Tag Archives: Spring Equinox

X Marks the Spot

Last year, for the Squatcher’s Lounge podcast that was on Ash Wednesday, I explained why Easter is a movable holiday, and how to figure out when it will occur. I quote myself:

The reason is obvious: it is always on the first Sunday after the first full moon after the first day of spring.”

I also pointed out that, since the beginning of spring and the beginning of fall are called the equinoxes, the length of day and night being equal on those days, and that the path of the solar ecliptic and the celestial equator make an x where they cross on the day of an equinox.

I also explained that most of the pagan religions at the time had a spring fertility festival that was held around the spring equinox, and that the nearly all had a god, who was the son of a virgin goddess, whose father was the highest god in the local pantheon.

Pagan, or paganus in Latin, meant a rustic person, a person of little understanding, a hillbilly.

These various sons of god, a few of which I listed in my quasi for last Christmas, entitled “A Yuletide Rant”, all died for the sake of their followers, and subsequently resurrected. Three days later was the popular timing. A whole lot of them were crucified, but the time of the slaying of the god was always on, or near, the spring equinox.

So what is the point of crucifixion on that big cross in the sky? Why nail your god up there? The association of the son of the greatest god with the sun is a pretty obvious metaphor, but why would these ancient peoples, who were pretty damned advanced, considering building pyramids, aqueducts, roads, measuring the distance from the earth to the moon, the diameter and circumference of the earth, etc., etc., why would they nail a god to the sky?

Here’s the quasi part. Behind all those pantheons, beyond the highest god, there was limitless source of being, unformed, what Socrates called the Good, the Beautiful, the one without number. Not one without number in the sense of countless, but, since it is beyond any limit, cannot be described by numbers.

Now, when that source of all things, called the godhead by some Christian metaphysicians, and the Brahman by Hindus, decided, as the Hindu Vedas report, “One am I, let me be many”, it had to limit itself, make itself into a point, so to speak, so that there could be one, and then many. You could say that it nailed itself to a cross, so that its blood might become the life of the universe.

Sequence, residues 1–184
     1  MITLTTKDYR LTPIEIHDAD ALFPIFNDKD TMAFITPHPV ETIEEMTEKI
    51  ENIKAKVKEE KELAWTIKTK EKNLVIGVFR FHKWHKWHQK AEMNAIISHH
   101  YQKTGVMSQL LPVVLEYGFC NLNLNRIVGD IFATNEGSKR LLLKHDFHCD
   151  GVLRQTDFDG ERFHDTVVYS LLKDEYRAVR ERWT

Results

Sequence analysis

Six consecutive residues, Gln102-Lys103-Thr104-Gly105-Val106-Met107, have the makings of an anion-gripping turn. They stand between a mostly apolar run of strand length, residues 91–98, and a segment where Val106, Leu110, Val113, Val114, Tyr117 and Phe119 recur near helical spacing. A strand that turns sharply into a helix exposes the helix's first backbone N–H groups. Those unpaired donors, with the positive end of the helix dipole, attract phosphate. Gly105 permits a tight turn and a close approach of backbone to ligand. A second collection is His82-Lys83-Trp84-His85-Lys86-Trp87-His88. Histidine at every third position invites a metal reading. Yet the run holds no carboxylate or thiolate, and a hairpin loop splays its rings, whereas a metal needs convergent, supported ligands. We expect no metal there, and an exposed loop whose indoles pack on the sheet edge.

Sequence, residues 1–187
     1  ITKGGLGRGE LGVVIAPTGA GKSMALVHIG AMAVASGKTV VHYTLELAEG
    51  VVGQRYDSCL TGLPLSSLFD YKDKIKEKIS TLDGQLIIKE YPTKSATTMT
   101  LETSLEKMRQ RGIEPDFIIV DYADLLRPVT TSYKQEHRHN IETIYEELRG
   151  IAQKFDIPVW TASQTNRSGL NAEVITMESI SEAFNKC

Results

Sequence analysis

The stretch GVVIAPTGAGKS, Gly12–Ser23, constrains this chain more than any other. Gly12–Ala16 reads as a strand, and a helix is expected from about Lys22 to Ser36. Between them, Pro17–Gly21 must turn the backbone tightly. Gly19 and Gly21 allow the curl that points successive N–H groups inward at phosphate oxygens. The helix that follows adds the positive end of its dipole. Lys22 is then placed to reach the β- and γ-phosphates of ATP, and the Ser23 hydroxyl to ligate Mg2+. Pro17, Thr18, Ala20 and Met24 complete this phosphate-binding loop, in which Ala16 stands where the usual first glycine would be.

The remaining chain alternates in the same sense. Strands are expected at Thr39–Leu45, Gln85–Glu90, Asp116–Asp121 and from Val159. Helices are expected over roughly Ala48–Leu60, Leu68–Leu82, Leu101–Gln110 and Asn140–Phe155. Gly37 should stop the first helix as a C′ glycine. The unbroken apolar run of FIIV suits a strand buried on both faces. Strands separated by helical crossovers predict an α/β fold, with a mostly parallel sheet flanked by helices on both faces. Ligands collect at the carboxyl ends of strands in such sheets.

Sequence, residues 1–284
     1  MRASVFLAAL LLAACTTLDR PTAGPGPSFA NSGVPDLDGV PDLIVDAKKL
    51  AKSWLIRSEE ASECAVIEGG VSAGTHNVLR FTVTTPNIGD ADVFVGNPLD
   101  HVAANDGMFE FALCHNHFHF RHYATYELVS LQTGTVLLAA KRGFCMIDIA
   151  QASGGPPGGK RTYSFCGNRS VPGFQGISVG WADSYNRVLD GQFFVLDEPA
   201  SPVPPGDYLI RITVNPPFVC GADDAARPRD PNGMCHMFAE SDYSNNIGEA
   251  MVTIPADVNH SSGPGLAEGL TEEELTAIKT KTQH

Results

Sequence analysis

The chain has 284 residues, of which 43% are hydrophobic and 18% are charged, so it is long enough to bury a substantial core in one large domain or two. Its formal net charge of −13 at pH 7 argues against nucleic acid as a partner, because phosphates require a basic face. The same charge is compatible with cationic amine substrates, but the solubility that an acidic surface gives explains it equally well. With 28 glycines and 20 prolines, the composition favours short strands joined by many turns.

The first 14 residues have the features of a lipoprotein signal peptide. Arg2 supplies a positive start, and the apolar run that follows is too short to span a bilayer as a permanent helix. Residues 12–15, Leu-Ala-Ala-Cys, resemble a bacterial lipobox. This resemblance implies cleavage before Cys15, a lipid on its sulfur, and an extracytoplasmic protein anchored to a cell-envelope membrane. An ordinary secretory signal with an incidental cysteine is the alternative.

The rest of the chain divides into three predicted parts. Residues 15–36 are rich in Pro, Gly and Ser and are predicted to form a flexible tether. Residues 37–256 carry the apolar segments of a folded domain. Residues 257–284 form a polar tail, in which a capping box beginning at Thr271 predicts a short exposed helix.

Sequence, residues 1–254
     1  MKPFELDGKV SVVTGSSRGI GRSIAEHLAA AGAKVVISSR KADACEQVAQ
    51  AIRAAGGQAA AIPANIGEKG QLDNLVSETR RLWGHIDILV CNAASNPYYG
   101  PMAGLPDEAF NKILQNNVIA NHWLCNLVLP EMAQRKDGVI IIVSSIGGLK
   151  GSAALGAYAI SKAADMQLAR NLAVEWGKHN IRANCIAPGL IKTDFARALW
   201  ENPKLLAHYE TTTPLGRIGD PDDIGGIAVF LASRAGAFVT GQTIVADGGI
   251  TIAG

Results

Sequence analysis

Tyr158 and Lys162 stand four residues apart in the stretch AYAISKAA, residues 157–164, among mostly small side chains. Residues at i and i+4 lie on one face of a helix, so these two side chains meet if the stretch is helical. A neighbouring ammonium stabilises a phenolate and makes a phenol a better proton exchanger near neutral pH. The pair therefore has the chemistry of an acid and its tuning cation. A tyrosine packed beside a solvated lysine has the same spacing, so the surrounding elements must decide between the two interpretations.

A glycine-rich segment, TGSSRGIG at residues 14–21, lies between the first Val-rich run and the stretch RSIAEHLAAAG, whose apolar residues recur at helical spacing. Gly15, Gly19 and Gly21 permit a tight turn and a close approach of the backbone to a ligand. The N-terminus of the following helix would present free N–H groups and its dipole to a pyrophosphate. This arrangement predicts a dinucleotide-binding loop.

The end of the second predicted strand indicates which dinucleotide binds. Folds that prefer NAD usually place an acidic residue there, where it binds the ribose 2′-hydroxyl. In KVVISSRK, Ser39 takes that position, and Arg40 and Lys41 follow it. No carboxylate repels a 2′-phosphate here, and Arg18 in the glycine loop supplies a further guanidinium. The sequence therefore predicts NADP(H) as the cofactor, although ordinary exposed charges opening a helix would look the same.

But that’s what the pagans said, and what do they know?

First shared on the Squatcher’s Lounge Podcast:

For the reading impaired, an audio version of this quasi theory may be found here:

Ah, Easter!

Easter surely scoots about, calendar-wise.

The reason is obvious: it is always on the first Sunday after the first full moon after the first day of spring. Not expecting that were you? The key to it is in the name Easter itself.

The name came into English from an old Germanic goddess named Eostre, the goddess of the dawn. Her holiday was celebrated at the spring equinox, when the path of the sun, or the ecliptic, crosses the celestial equator, and the length of day and night are equal. She was also the goddess of fertility, therefore eggs, bunnies, and lambs were associated with her. She is cognate with the other Mediterranean fertility and love goddesses like Astarte, Ishtar, and Aphrodite, who were all considered aspects of the one mother goddess. There’s some scholarly arguments about all this, but I’m the quasi-scientist around here and this is my quasi-theory.

Now, how do we get from the equinox to the correct Sunday for Easter and what does it have to do with the moon and what all?

Many forms of the mother goddess had sons and the father was usually a sun god and the son was equated with the father. Many of these sons of gods died, and resurrected, for the sake of their followers, and they did it on, or near, the spring equinox. The path of the solar ecliptic and the celestial equator make an x where they cross, both in the spring and fall. These various sons of god, many of whom were crucified, died, in the spring, at the point when the sun is at the center of that big x mark in the sky, the big cross in the sky. Having your son of a sun god resurrect on a Sunday is highly appropriate. Most of these goddess mothers of a son of god were moon goddesses, so you had to get the moon involved, and the full moon has been associated with regrowth and fertility in many cultures.

On the other hand, officially, Easter Sunday is the first Sunday after the first full moon after the first day of spring because the bishops at the Council of Nicea voted to make it so in 325 AD. On the third hand, that council was ruled over by the Emperor Constantine, who had a hard time distinguishing Jesus from Solus Invictus, the form of the Persian god Mithras that he previously worshiped. Go figure.

Originally presented on The Squatchers Lounge Podcast: